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In Reaper of Souls, Adventure Mode is one of the biggest additions to Diablo 3. It brought both Rifts and Bounties to the game. In Bounties, players get to undertake various missions across the world of Sanctuary in exchange for gold and experience. Completing five Bounties in each act of the game will also enable them to receive a sack of loot called a Horadric Cache. These Horadric Caches have the potential to contain bounty specific legendary items that can only be attained through the completion of bounties, in addition to regular legendary items that can also drop from the loot sacks.  Below we show you what specific legendary items you will find and where to find in Reaper of Souls: Act 1:Mad Monarch's Scepter - 1H MaceRing of Royal Grandeur - RingPauldrons of the Skeleton King - ShouldersGolden Gorget of Leoric - AmuletSanguinary Vambraces – Bracers Act 2:Cloak of Deception - CloakIllusory Boots - BootsGloves of Worship - GlovesCoven's Criterion – Shield Act 3:Burst of Wrath - 2H AxeBoots of Disregard - BootsPride's Fall - HelmEnvious Blade - DaggerInsatiable Belt - BeltOverwhelming Desire - AmuletAvarice Band – Ring Act 4:All bounty specific legendaries can drop from Act 4 bags. Act 5:Death's Bargain - PantsSoulsmasher - 2H MaceHelltrapper - Hand CrossbowSalvation - Crusader ShieldPandemonium Loop - Ring 

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What Have We Finally Got in Diablo III: Reaper of Souls?

Published:Apr 14.  From:harriet 0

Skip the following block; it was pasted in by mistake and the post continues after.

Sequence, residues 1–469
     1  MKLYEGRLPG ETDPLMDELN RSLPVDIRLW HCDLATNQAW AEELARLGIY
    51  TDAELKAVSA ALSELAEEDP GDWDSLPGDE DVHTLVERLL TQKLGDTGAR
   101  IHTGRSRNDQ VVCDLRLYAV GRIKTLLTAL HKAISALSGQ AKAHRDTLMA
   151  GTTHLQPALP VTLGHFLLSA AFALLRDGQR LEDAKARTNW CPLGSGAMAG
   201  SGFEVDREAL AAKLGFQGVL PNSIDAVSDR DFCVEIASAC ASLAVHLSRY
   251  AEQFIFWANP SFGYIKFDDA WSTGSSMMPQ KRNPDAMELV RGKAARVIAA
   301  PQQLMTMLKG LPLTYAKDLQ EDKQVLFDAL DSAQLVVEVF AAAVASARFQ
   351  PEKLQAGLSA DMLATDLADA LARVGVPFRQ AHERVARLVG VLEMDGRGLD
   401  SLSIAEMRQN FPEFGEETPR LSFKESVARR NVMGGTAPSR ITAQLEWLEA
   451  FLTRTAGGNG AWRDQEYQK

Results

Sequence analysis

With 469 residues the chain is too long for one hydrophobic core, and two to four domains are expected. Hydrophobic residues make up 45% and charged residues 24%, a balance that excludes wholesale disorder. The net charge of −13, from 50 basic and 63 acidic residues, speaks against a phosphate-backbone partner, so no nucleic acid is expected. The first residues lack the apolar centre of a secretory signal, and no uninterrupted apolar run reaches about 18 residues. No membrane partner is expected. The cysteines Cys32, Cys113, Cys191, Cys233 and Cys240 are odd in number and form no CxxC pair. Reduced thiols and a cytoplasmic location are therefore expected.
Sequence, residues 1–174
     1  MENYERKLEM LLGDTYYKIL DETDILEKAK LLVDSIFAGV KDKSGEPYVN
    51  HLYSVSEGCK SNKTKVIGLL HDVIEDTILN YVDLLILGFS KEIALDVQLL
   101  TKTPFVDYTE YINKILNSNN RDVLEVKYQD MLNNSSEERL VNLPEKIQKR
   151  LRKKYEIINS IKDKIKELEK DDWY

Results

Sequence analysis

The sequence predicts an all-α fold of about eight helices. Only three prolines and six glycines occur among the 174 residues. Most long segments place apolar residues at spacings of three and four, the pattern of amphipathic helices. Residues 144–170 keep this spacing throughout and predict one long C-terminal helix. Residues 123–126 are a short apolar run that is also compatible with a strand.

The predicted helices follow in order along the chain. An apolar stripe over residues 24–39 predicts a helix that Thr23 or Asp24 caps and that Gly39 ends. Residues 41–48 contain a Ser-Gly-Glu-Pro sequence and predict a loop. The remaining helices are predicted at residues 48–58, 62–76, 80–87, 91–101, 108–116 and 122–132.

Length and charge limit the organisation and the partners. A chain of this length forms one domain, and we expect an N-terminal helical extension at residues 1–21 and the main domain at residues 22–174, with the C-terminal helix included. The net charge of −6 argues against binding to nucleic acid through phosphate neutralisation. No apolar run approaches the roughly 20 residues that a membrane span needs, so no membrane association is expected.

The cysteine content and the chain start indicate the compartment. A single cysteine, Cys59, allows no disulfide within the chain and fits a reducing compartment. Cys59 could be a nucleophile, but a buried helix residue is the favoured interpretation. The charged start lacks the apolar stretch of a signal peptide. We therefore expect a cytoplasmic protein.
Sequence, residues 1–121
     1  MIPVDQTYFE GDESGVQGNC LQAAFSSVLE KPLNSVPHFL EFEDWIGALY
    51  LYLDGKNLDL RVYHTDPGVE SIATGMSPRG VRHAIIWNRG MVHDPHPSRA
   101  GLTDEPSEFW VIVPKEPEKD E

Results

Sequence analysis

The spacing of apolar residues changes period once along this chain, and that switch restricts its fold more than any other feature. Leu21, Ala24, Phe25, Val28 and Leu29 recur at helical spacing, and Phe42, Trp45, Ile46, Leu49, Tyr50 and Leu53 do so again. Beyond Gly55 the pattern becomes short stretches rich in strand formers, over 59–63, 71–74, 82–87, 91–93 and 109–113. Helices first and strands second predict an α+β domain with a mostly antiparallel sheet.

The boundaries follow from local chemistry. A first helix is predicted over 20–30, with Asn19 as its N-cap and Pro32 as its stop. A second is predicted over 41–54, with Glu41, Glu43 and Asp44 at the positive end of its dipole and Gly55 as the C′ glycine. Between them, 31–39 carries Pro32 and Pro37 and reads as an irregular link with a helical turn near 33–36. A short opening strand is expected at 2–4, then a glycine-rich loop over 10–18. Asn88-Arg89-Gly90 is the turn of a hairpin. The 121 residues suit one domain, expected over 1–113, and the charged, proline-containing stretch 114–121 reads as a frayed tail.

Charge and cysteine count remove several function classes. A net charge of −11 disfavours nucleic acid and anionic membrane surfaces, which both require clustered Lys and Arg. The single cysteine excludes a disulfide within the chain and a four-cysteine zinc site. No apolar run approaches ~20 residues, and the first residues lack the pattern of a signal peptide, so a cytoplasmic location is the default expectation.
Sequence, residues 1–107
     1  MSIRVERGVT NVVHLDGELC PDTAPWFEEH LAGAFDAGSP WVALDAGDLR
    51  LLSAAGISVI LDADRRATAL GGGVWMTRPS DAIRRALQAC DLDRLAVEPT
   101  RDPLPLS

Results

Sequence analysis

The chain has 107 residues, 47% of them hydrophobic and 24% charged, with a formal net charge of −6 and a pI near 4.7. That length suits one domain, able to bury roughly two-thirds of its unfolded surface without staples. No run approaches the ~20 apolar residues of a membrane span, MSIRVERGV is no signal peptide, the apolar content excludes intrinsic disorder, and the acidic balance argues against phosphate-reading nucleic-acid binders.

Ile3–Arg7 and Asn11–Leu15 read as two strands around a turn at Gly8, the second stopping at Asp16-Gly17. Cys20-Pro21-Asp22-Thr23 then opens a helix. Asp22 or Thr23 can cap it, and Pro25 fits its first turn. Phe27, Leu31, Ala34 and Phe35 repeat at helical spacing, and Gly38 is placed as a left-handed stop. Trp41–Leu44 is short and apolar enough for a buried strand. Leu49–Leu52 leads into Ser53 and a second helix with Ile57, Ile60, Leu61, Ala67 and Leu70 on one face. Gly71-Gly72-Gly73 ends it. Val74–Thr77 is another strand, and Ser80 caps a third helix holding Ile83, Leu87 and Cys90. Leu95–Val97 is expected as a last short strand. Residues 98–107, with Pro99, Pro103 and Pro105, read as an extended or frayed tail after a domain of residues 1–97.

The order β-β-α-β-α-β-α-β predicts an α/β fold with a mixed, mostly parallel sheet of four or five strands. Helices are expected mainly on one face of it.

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Diablo III: Reaper of Souls has finally been playable. Have you guys completed it? What have you finally got in it? Below share with you a review on the expansion. Check out the details below: I don't know how Blizzard did it. Diablo III was the pariah. It was broken forever. It was the poster child for everything you shouldn't do when updating a beloved game for the modern era. (Well, before SimCity came out.) The new Reaper of Souls expansion doesn't make Diablo III the perfect game—far from it—but between it and the revamped Loot 2.0 system, Blizzard have salvaged a pretty entertaining core experience from the flaming Diablo III wreckage. And they've done it by going back to what made Diablo II such a hit in the first place: loot. This is my loot  Diablo is a franchise defined by loot. It's certainly not defined by its incredibly-engaging control scheme, which consists of frantically clicking on just about everything on-screen like some sort of virtual piñata. It's funny how a peripheral system can become the centerpiece of a game, but without loot Diablo is a terrible game—something we learned with vanilla Diablo III, where the kind of legendary loot drops you'd brag about to friends were few and far between. The fact that Blizzard implemented its updated Loot 2.0 system into vanilla Diablo III a few weeks ago is an amazing gesture of goodwill, since it removes one of the $40 expansion's greatest selling points. But suffice it to say that loot is fixed, or about as fixed as it ever could be. Item drops are more often than not tuned to your class now and will typically fall within a narrow band of skills your character might find useful, whether you're playing as an old favorite or the new Crusader class—a heavy tank-type character who can summon a horse at will or call down the power of the heavens to smite enemies. On one hand that removes some aspect of character customization, since there are only a few builds you'll ever find equipment for. On the other hand, those "other builds" were by-and-large useless; a barbarian with high intelligence isn't a viable class as far as Diablo III's rules are concerned. Legendary loot items are rare, but not so rare you give up and stop playing, which is a good thing since you can't just turn to the Auction House anymore. Blizzard has removed the built-in shortcut of the Auction Houses—both gold and real-money versions—making it actually worthwhile to hunt for those legendaries instead of buying your way into powerful items. It's interesting that such a small feature was enough to psychologically derail an entire game, but it goes back to the fact that players always try to be "most efficient" at a game even if they have less fun in the process. Adventure time Aiding your loot quest is the new Adventure mode, which is probably the best Reaper of Souls-only feature. Diablo III was constrained to one mode really. You'd run through the campaign, learn all the secrets of Adria, Leah, Deckard Cain, and the rest, finish everything, and then run the campaign again at a higher difficulty. And again. And again.  Adventure mode takes advantage of Diablo III's randomized in-world events/sidequests and level layouts to make grinding a bit more interesting. You essentially run around maps, murder everything, and pick up those sidequests called bounties. Each Act in an Adventure Mode session has five bounties for you to clear: defeat a character (kill Maghda, kill the Butcher), finish a dungeon (clear the Den of the Fallen), or complete an event (beat Jar of Souls, for instance). You'll also unlock Nephalem Rifts, the ultimate Diablo III dungeons with random tile sets, monsters, and bosses. It's pure chaos, packed into 10 to 20 minutes. Adventure Mode is Diablo III at its purest: Wander a map, click on things, kill them, get loot, progress, over and over and over again. It's not dissimilar from the campaign, per se, except all the fluff is removed. It's a big improvement. Diablo III will never be Diablo II, no matter how much you want it to be. It's obviously not the game Blizzard is trying to make. No matter what's done to Diablo III, I don't think it has the infinite replayability people want from the franchise. But Adventure Mode is at least a good step towards something more interesting than campaign runs. These growls deserve a Nickelback concert... ...Because the Reaper of Souls campaign is still an overly-serious tedium full of people who speak with a throat full of rocks. Blizzard has invested a lot of care into its Diablo III lore, but the Diablo III lore is, well, pretty dumb. Characters never stray beyond basic archetypes, dialogue is best skipped, and the plot is full of awkward contrivances to move you on to the next map. I'm not sure it's a big deal though. Video games are full of dreadful stories, and the excuse is always that you're not there for the story. That's doubly true in Diablo's case—is there anyone who is picking this game up to find out what happens to these characters? I mean, I'm sure there are those people, but why? There's nothing to latch onto, nothing to care about. I have the same emotional attachment to a Diablo III character as I do to a pawn on a chessboard—it's a game piece and nothing more. Just play Adventure Mode. Online for good It's boring to even harp on this again, but Reaper of Souls is still always-online. For no reason. Before, Blizzard could feed us this line about "Well, we're afraid people will cheat and then bring down the integrity of our sacred Auction Houses." It was a poor excuse then, and now it's nonsense. There is literally zero apparent reason why Diablo III needs to be always-online except that Blizzard wants it to be. It's a drag. As someone who's on the road a fair amount for events, you never realize how often you're without an Internet connection until you need one. Ninety percent of the Reaper of Souls audience will never notice or care that it's always online, because they're tethered to a gaming desktop or whatever, but on principle I find the practice distasteful,especially in a case like Diablo III, where it's completely unnecessary. And even on a steady connection, I still had a few instances of rubber-banding and lag as the game tried to communicate with Blizzard's servers. In one particularly egregious example I swung at a barrel five times before it broke. Did it matter? Not really, because it wasn't a high-stakes moment. But if I'd been in the midst of a boss battle, let alone a boss battle on hardcore? Big problem. Bottom line I'm not kidding: I can't believe Blizzard turned Diablo III around. Two years ago when the game first launched, I never thought I'd be sitting here writing a positive review of anything branded Diablo III, and yet here we are. Is Reaper of Souls perfect? No. And I suspect like World of Warcraft, many people will sprint through the new content, maybe raise the new Crusader class up to Level 70, and then quit when progress slows down again. But Reaper of Souls is an entertaining piece of content that, in conjunction with Loot 2.0, fixes many of Diablo III's deepest flaws. This is definitely worthy expansion in the Diablo franchise. Source:pcworld.com